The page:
11 12 2019


When I first saw this handsome boy, he was on the Spring Creek Basin side of the fence along Disappointment Road.


He was courting this very lovely lady.

The basin is to the left in the pic above. After moseying through the trees along the fence, they jumped it, and he’s behind her, about to follow her across the road.


Mostly, he kept her on the move, but he did stop to give me a pose.



Ssssssssnake sssssaga ssssssorcery

14 09 2019

At Ace Hardware in Norwood, Colorado, the young man who helped me find the pieces and parts for a snake-pole-lasso quickly grasped the idea of what I needed. It was his first day on the job. What a first day. 🙂

Here are the parts:


Five-foot-long, 1 1/2-inch PVC pipe

1 1/2-inch cap

15 feet of soft, 1/4-inch rope

21/64-inch drill bit

Drill – already mine (battery was on the charger)

This is how it went together:


I drilled two holes in the cap and threaded the rope (the Ace Hardware man burned the ends for me in the store; he also cut a 10-foot length of pipe to the 5 feet I needed) through one hole from the inside, made a loop and threaded it back into the other hole, knotting it inside the cap. The long end of the rope then drops through the pipe to the other end, which is where the snake wrangler wants to be.


Voila! Snake lasso!

Heading to the basin now …


Snake wrangling equipment:

Step stool – because I realized I had to stand basically over the top of the vertical in-ground pipe to bring the snake up, and I really didn’t want to get struck in the shin if it came up less than happy.

Trash can – previously used for feed in the barn. Use: transport the snake from hole to home, away from water trough that the horses use.

DIY snake-pole-lasso. About $20 total.

And of course, my cell phone, which is only slightly easier to operate one-handed than my camera. Because I had to document the process for you faithful readers who are cheering for snakey-snake.

At left: fenced-in aprons that catch rainwater and snow.

Background: Our destination is the green water tank, on the far side of which is the valve pipe in which our reptile has been captive for at least a couple of weeks.

Question: Did rattler make it out on the crossed sticks … or was snakey still stuck?


Answer: See above. The thing had a slightly unnerving way of looking up at me the whole time, like it knew things were happening. Finally.


Here’s my setup:

Step stool on the north side of the pipe; trash can on the south side. Snakey in the hole in the middle.

I won’t lie; my hand was shaking as I was taking these pix. Everything’s all fun and games until you try to lasso a rattler at the bottom of a pipe.

OK. Deep breath. Ready?


It’s not easy to hold a lasso’d snake with one hand (I was holding the pipe and rope coming out the end to keep a snug hold on the slippery slitherer) and a cell phone with another (your only other) hand AND try to two-finger zoom the image because you’re several fraidy-cat feet above it.


It wasn’t heavy, and it didn’t wriggle or writhe. And – maybe wildest of all – it didn’t rattle. I managed to catch it at “neck” level (!), so I was confident it couldn’t reach any shins.


Don’t worry, dude/ette, it’s bigger, and it’s totally temporary.


Valve-pipe cap. Replaced.

When I called my mom from the road, snake-filled can (lidded) safely in the back of the truck, I admit that I was still breathing hard, and not just from carrying my equipment back up the slope (the water flows downhill from the catchment aprons).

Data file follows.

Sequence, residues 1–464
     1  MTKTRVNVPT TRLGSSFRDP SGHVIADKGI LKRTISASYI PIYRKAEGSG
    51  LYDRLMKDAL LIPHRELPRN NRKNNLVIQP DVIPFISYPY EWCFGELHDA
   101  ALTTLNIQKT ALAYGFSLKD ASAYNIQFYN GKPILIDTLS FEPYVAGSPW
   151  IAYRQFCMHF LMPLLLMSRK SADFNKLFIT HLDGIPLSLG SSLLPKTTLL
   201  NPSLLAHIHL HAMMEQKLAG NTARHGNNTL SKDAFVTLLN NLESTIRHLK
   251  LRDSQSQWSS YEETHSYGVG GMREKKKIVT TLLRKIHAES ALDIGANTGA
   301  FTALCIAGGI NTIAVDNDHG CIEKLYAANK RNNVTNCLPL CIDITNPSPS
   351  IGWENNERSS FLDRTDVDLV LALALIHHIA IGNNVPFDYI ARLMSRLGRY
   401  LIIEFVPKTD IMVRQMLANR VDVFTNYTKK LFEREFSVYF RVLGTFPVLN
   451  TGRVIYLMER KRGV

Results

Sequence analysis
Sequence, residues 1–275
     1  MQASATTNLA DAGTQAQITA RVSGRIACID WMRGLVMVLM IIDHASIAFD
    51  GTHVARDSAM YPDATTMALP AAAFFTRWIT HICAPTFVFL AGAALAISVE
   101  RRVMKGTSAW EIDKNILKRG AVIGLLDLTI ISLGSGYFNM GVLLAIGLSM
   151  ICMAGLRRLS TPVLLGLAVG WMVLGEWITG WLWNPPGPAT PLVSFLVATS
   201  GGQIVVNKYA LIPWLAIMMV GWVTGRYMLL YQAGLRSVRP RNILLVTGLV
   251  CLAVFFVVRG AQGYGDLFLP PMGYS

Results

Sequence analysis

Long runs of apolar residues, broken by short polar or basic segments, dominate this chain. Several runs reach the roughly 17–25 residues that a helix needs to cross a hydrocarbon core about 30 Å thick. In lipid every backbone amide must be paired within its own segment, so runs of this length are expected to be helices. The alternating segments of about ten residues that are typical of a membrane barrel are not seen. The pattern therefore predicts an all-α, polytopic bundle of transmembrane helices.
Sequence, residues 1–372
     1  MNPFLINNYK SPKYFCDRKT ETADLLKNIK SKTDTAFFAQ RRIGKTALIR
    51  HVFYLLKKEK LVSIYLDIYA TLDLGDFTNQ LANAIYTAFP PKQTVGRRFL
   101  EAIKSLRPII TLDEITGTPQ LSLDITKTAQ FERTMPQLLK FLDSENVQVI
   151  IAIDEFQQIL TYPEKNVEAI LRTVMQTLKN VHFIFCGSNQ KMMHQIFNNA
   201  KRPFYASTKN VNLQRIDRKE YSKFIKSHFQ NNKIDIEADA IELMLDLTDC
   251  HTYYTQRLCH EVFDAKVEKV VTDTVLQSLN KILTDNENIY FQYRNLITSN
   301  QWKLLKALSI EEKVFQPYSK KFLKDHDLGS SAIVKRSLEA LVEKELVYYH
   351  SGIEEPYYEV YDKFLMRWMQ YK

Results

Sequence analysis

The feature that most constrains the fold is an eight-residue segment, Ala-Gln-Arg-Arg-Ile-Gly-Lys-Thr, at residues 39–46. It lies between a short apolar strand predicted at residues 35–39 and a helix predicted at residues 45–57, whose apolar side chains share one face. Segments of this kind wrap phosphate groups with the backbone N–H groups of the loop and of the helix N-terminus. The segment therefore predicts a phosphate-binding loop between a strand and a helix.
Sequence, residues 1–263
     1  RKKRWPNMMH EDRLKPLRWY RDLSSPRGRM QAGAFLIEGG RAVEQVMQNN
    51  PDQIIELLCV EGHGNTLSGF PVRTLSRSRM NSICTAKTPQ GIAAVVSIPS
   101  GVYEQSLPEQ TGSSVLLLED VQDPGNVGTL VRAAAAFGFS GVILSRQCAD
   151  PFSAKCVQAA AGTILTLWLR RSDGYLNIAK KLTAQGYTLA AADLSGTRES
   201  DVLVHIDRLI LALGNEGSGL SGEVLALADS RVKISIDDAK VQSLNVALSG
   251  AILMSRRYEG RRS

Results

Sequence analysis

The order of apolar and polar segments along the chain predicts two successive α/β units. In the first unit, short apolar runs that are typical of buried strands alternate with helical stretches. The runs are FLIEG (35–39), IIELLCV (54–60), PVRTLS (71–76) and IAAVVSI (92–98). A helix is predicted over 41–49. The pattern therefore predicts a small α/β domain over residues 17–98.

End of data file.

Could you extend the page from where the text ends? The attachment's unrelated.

Snake couldn’t live in the metal trash can any more than it could live in the bottom of a PVC pipe, so release was the next part of the capture saga.


Rattler relief is close. See that the boulder is shaped so that it provides a shady shelter?


I appealed to many deities, entities and spirits before embarking on this jaunt, including my mom, my dad, snakes in general, rattlesnakes in particular, even Lord Voldemort, that sovereign of serpenty Slytherins.

While carrying the can up to the pictured perfect boulder, I realized that getting the lid off the can wouldn’t be too bad, but having been so gentle so far, I didn’t want to just kick the can over!

Check out the perfectly shaped branch I found nearby (pictured above, hooked through the can’s handle)! On the bare, rocky shoulder of Filly Peak! I mean, trees aren’t what this area is known for. But it was perfectly perfect. Some spirits definitely were with us. Using the branch, with its excellent length and hefty hook, I was able to tenderly tip the can onto its side without even a jangly, jarring thump.


But you know how it is when you leave your old home for a new one. Maybe you’re excited, and maybe you’re a little nervous, too.

Rattler was a bit reluctant, so I had to find another stick to tip the bottom of the can up a bit and encourage (!) the slithery sucker to slide to the ground.


And that’s when happiness kicked in, and snakey slithered right into the super space like s/he owned the place.

I’m pretty sure I heard him/her speak Parseltongue ere s/he slithered out of sight: thanksssssssssssssssssss.


Mischief managed!


Thank you all for following along and wishing the best for our rattly reptile!

Happy life and many rodents, rattler!

**Update (and thanks to Sue for the reminder!): I meant to credit Linda Carson at The 7MSN Ranch for the snake-pole-lasso. I admired her nerve in snake wrangling … and never thought I’d have to make a pole of my own!

Comanche moon

13 09 2019


The almost-full harvest moon rises above Spring Creek Basin last night.

Tonight’s Friday the 13th moon will be a “rare, full harvest micromoon“!


Snake update: I’m chagrined to report failure in Project Stick-a-Stick-in-a-Pipe-to-Help-a-Rattlesnake. Slowly and also failingly, I tried to use the stick to raise the snake up against the inside of the slick plastic pipe, but the wriggler wriggled its way back to the bottom of the pipe.

To tell the honest-to-goodness truth, I had no idea what I might do with the slither-critter if I happened to get it to the surface, other than fling the whole kit-n-kaboodle (snake, stick, any pride) in some direction closely related to *away*. I think the hole is so deep and so narrow that it keeps the stick relatively vertical, and the snake just can’t climb it any better than the inside of the pipe.